Tuesday, September 28, 2021
A Maricopa County judge struck down a ban on public schools imposing face mask mandates and a host of other policy changes that lawmakers inserted into the state budget, and with them, may have forced a fundamental change in the way the legislature does business when it passes its annual budget each year.
The ruling comes two days before the mask mandate prohibition and various other changes to state law were to go into effect.
Along with the ban on face mask mandates, the ruling strikes down several other laws pertaining to COVID-19 mitigation measures and the operation of public schools. That includes laws banning “critical race theory” in K-12 schools, barring colleges and universities from requiring COVID-19 vaccinations or testing of students, prohibiting K-12 schools from requiring students to receive vaccines that have received emergency authorization from the U.S. Food and Drug Administration, and barring cities and counties from requiring “vaccine passports.”
And Superior Court Judge Katherine Cooper struck down an entire budget bill that included wide-ranging measures on election integrity laws and pandemic-related business regulations.
The lawsuit, filed by a coalition of left-leaning advocacy groups and Democratic political figures, argued that several budget bills passed by the legislature in the waning days of the 2021 session violated a provision of the Arizona Constitution known as the single-subject rule. That provision mandates that bills passed by the legislature embrace “one general subject,” and that that subject be clear in the title of the bill.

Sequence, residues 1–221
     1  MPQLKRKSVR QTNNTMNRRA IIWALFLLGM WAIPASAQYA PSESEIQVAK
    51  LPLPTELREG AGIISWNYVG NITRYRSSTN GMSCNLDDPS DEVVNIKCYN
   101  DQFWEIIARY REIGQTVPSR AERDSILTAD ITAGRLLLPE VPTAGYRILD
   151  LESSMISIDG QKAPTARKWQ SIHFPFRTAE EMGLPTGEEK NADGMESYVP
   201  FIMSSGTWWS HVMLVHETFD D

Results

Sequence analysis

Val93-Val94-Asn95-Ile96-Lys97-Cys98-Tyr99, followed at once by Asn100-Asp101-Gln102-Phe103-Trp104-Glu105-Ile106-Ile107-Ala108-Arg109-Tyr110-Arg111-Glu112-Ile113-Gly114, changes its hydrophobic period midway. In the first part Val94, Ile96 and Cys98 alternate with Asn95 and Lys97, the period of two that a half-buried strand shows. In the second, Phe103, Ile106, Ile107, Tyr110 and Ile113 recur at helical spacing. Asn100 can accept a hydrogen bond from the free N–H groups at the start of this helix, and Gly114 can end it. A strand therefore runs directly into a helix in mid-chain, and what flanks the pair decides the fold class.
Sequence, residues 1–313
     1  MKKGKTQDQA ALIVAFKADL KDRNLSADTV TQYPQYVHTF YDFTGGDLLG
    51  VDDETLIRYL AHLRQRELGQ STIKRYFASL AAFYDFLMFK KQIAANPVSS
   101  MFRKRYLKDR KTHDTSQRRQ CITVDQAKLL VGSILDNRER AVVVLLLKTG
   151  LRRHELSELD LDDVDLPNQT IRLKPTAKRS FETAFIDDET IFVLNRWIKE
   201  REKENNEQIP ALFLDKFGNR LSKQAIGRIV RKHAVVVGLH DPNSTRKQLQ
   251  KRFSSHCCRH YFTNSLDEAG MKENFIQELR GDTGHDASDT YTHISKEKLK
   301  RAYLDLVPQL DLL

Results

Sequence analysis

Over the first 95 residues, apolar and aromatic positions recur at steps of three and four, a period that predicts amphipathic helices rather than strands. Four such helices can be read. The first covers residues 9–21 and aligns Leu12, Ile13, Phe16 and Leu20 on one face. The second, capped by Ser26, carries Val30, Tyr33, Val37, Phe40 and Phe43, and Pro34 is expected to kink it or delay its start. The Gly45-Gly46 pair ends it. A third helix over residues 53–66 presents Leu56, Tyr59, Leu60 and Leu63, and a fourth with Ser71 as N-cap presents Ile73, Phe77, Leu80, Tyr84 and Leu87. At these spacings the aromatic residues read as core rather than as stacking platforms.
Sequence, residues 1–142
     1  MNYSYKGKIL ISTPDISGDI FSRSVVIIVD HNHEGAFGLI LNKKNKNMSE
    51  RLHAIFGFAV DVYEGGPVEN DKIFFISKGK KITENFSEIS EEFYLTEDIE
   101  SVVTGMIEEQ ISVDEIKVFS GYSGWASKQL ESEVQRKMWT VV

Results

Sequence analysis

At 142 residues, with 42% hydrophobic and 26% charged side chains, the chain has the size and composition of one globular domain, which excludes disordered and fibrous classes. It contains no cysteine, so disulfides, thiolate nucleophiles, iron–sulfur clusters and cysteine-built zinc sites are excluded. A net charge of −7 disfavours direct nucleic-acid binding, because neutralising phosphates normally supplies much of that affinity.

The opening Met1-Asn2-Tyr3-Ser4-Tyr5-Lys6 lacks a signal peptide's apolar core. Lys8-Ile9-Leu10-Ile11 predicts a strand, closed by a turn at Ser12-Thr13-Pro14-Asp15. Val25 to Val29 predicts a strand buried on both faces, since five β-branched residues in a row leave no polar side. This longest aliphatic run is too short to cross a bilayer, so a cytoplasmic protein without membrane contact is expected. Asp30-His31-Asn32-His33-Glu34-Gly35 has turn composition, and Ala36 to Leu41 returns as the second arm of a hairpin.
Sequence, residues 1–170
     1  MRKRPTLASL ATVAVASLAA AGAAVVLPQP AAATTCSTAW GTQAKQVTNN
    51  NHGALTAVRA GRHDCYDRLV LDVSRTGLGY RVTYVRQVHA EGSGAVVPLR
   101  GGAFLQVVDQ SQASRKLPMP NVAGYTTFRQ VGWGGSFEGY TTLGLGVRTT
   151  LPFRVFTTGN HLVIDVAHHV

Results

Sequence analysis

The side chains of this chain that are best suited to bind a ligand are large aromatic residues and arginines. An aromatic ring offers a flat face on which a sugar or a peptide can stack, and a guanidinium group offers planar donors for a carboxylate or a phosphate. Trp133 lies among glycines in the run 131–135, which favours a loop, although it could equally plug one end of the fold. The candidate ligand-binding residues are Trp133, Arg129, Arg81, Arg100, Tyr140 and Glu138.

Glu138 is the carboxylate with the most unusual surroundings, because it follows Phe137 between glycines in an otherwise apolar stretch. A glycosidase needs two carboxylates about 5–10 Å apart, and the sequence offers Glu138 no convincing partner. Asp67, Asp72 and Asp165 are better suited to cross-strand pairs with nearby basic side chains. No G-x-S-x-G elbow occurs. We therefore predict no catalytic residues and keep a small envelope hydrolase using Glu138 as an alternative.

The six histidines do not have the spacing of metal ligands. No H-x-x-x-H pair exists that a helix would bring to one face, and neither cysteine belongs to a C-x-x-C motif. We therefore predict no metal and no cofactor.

The laws that Cooper struck down were all included in budget reconciliation bills, which are pieces of legislation, usually covering broad subjects such as K-12 education, health, public safety and revenue, that implement the annual state budget. Those bills, often known by the shorthand BRBs, have long been used as a vehicle by lawmakers to include various policies in the budget each year.
Cooper ruled that the face mask ban and several other COVID-related measures, along with the critical race theory ban, that were in the K-12, higher education and health violated the provision of the single-subject rule that prohibits misleading titles on legislation.
And as for the “budget procedures” legislation that included the election, vaccine passport and other disputed laws, Cooper wrote that the entire bill is null and void.
The state’s rationale for including those laws in the budget bills would redefine the term “single subject” to mean essentially anything it wanted, Cooper wrote.
“Going forward, the Legislature could add any policy or regulatory provision to a BRB, regardless of whether the measure was necessary to implement the budget, without notice to the public. The State’s idea of ‘subject’ is not and cannot be the law,” she said.
It’s unclear whether the state will appeal the ruling before new laws go into effect on Sept. 29. An attorney representing the state could not immediately be reached for comment.
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